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Home Improvement Tips & Advice

  • Transcript

    Hosts: Tom Kraeutler & Leslie Segrete

    (NOTE: Timestamps below correspond to the running time of the downloadable audio file of this show. Text represents a professional transcriptionist’s understanding of what was said. No guarantee of accuracy is expressed or implied. ‘Ph’ in parentheses indicates the phonetic or best guess of the actual spoken word.)


    (promo/theme song)

    TOM: Coast to coast and floorboards to shingles. This is The Money Pit Home Improvement Radio Show. I’m Tom Kraeutler.

    LESLIE: And I’m Leslie Segrete.

    TOM: Call us right now with your home improvement question. Call us right now with your do-it-yourself dilemma. The number is 1-888-MONEY-PIT. 888-666-3974. We’ve got lots of tips, some techniques, some advice to help you get through your home improvement projects this weekend. In fact, we’re going to talk about lighting today and shed some light on energy savings. For example, if you’re still using those incandescent bulbs around the house, stop. We’re going to tell you how much money you can save if you just switch to those really cool-looking compact fluorescents, in just a bit.

    LESLIE: And also, one of the top energy wasters in your home, did you know that it’s recessed lighting? Yep. Those energy dollars are going to fly right out of the cracks around those high hats, as they’re called, if they’re not installed correctly. We’re going to help you figure out the right way to install them and save some dough.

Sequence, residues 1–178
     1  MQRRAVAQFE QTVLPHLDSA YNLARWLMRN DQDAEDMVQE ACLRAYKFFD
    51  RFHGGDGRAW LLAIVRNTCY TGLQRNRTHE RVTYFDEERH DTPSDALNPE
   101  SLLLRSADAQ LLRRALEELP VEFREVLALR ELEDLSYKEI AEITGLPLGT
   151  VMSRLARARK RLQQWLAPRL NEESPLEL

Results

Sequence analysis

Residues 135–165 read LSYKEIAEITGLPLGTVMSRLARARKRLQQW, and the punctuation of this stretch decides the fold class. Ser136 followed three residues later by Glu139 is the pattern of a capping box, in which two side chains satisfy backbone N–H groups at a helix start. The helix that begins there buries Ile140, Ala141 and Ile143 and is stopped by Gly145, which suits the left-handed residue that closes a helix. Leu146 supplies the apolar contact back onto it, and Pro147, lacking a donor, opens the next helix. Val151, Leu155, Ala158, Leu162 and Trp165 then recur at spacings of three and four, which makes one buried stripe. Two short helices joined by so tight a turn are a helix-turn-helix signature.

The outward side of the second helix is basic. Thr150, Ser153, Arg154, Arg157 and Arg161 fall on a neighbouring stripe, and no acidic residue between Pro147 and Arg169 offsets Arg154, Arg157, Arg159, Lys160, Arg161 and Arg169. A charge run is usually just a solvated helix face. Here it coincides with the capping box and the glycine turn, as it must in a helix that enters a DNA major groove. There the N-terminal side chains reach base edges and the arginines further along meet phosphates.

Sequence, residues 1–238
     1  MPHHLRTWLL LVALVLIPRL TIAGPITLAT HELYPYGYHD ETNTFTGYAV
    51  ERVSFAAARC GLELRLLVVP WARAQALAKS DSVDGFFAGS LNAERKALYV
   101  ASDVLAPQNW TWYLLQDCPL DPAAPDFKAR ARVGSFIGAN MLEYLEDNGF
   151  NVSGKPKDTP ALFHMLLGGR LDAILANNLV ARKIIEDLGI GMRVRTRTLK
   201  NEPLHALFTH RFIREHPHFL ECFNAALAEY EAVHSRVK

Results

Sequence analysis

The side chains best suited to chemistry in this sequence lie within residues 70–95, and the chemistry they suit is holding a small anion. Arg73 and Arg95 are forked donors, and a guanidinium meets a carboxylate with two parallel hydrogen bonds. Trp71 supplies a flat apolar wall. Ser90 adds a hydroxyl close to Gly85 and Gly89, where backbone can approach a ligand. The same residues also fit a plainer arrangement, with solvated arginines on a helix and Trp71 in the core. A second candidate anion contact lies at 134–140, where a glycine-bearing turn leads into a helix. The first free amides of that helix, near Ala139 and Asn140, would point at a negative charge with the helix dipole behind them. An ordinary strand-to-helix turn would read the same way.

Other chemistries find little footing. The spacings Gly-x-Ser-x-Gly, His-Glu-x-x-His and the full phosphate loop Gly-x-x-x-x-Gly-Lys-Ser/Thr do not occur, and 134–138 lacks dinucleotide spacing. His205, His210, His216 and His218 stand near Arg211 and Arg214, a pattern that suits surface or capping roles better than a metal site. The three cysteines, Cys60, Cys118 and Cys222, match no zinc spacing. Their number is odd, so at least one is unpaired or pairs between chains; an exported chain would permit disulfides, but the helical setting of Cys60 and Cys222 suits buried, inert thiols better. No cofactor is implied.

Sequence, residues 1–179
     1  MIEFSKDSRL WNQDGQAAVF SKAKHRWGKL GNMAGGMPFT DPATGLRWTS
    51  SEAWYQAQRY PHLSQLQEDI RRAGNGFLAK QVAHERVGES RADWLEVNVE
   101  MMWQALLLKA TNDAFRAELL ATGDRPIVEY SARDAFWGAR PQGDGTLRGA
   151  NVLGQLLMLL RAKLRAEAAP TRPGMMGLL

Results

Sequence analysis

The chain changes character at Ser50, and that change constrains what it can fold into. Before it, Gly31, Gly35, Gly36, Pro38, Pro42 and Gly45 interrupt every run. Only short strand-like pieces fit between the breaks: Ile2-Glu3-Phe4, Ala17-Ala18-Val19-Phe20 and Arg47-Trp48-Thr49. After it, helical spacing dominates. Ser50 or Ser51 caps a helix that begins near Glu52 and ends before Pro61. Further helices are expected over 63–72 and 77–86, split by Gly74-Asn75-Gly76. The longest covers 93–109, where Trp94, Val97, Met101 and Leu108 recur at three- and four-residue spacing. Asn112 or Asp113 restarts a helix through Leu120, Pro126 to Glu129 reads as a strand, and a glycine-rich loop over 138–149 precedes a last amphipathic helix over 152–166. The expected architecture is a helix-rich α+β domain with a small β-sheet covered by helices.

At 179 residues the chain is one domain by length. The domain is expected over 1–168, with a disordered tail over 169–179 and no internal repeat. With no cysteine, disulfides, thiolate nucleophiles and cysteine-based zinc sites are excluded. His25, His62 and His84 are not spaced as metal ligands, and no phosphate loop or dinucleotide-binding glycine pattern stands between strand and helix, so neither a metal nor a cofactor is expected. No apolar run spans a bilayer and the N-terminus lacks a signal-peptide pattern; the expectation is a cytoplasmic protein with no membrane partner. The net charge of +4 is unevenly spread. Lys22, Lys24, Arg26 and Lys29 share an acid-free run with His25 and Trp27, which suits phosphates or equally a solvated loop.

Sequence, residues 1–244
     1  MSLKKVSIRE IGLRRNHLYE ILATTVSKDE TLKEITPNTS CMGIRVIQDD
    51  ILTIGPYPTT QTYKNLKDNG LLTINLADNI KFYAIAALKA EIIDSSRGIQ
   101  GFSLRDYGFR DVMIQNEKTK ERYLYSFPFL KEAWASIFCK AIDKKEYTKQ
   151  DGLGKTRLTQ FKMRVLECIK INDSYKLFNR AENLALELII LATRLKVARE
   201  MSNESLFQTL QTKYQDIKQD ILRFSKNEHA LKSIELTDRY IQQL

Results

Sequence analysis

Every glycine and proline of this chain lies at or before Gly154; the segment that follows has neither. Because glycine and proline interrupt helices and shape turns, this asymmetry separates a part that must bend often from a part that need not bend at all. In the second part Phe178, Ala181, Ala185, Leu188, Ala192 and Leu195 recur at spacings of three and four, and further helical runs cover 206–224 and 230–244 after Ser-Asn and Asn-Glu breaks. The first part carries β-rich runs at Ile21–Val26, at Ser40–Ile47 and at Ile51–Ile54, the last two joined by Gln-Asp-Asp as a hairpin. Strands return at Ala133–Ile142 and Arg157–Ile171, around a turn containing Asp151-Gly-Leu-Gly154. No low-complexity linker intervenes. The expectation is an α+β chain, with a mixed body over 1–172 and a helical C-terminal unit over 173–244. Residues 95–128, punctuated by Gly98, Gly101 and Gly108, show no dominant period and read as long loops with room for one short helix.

TOM: Plus, we’re going to talk about an easy way to solve your hard-water problems. You know, the traditional water-softening systems that are out there actually replace the minerals in your water with salt and that can be pretty unhealthy. They’re also costly and they’re very expensive to install. But there’s an easier solution. There’s some new technology out there that makes it very simple to solve your hard-water problems and we’ll tell you what that is in just a bit.

    LESLIE: And if you’ve got a refinishing project on your fall to-do list, we have got a great prize for you this hour. We’re giving away a random orbit sander from our friends over at Ryobi. It’s worth 40 bucks and it could be yours for free.

    TOM: So call us right now with your home improvement question at 1-888-MONEY-PIT and you must have a home improvement question and be willing to come on the air and ask us to qualify for that great Ryobi prize.

    Leslie, who’s first?

    LESLIE: Time to help Grace in Michigan fix up a floor painting project. What can we do for you?

    GRACE: I live in a 108-year-old house and the linoleum in my room is really old and I was wondering if you would be able to paint it with wall paint.

    TOM: No, because it’s not really – two things. First of all, linoleum doesn’t really take any type of paint very well and wall paint, of course, you’d never really be able to use it. It would just wear right off. You’re better off going out and perhaps picking up some vinyl remnants that you could buy at a home center or a flooring store – these are the cutoff pieces; sort of the end of the roll – and putting down some new flooring.

    GRACE: OK.

    TOM: That’s probably the least expensive way to go.

    LESLIE: You know what else you could do, Grace? You could head to the home improvement center and buy some canvas drop cloths; the ones that have, you know a nice, plastic backing or a rubber backing. And you can finish the edges just by using some carpet tape to give it a nice, smooth edge; then you can prime that whole piece of canvas and paint it to look like a rug. This way you have like a fun area rug.